Jepthe’s Daughter by Naomi Ragen, Warner Books, New York, 1989, 368 pp., $18.95.
Once I began Jephte’s Daughter, I knew I had to finish it in one sitting — I sensed the impending tragedy of domestic violence — a story with which I am too familiar. I wanted to see how Naomi Ragen would describe the progression of this disease, and if she could find the happy ending that so many Jewish women seek in vain.
The story begins with the vow of a wealthy man to preserve his family’s rule over a Hasidic dynasty by marrying his pampered daughter to the most brilliant Talmud scholar in Jerusalem. Bathsheva goes eagerly to Jerusalem to fulfill her fantasies of a happy marriage in which she would continue her studies at Hebrew University, explore Israel with her new Leica and discuss Talmud with her handsome husband. Her expectations are quickly dissolved by her husband’s sexual ineptness and cruelty, the unrelenting rigidity of his religious practice and the hostility of his family. Pleas to her father for help are not only met with disbelief, but he extracts from her a promise to maintain shalom bayit (peace in the home), and raise her anticipated child as heir to the Ha-Levy religious aristocracy.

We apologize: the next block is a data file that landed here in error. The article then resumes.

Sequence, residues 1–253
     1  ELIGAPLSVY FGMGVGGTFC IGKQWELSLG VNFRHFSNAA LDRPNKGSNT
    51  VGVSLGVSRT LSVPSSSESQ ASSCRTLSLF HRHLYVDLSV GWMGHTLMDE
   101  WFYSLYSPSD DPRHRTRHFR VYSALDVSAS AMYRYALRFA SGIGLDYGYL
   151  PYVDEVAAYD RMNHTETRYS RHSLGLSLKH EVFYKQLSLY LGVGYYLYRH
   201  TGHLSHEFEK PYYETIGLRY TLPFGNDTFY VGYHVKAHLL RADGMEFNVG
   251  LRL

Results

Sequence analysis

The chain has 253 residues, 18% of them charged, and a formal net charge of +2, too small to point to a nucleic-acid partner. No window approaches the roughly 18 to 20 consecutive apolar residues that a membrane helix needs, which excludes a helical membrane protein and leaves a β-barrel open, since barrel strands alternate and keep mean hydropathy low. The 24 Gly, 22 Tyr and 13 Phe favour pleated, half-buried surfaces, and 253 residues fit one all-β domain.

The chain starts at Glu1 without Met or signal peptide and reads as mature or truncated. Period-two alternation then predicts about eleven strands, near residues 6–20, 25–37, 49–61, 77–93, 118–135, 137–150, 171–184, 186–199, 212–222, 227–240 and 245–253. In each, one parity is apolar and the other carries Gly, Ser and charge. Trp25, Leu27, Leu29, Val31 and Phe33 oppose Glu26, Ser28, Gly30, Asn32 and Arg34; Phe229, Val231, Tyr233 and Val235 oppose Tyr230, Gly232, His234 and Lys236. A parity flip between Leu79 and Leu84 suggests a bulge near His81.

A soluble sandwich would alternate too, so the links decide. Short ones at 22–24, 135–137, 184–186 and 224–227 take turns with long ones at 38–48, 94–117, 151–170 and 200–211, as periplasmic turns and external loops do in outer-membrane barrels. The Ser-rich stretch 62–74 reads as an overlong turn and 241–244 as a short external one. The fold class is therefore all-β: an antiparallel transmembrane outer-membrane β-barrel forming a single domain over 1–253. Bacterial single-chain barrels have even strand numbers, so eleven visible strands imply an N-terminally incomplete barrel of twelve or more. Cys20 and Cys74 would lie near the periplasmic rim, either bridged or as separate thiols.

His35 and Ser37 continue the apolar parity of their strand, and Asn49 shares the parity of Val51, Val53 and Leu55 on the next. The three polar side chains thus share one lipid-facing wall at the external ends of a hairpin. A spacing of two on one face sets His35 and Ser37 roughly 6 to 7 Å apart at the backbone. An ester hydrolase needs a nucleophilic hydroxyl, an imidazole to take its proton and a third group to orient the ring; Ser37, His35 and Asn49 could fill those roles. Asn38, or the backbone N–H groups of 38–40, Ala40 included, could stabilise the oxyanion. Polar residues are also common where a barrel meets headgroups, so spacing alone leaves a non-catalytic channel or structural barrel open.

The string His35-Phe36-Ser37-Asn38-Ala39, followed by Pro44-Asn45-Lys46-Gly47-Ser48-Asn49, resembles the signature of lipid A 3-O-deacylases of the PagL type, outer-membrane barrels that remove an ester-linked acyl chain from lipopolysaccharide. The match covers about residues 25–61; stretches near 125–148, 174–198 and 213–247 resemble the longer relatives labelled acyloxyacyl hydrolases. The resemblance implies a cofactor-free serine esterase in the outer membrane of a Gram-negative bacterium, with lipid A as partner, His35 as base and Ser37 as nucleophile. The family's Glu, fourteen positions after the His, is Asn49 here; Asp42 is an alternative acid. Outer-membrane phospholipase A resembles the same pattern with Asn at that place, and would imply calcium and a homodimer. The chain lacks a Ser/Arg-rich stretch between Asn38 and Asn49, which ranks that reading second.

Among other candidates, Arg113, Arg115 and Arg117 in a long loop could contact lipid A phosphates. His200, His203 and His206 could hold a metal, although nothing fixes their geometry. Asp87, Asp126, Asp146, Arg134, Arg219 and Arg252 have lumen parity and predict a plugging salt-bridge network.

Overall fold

The contrived romantic ending is a sharp contrast to the horror of the beginning. Ragen’s portrayal of family disintegration and community denial is painfully accurate. Many women will identify with Bathsheva’s dilemma; for others, this novel will introduce them to the possiblity of dysfunction in even the most respected Jewish families.
Marcia Cohn Spiegel is a frequent lecturer, workshop leader and participating founder of Alcoholism Advisory Board of Jewish Family Service in Los Angeles.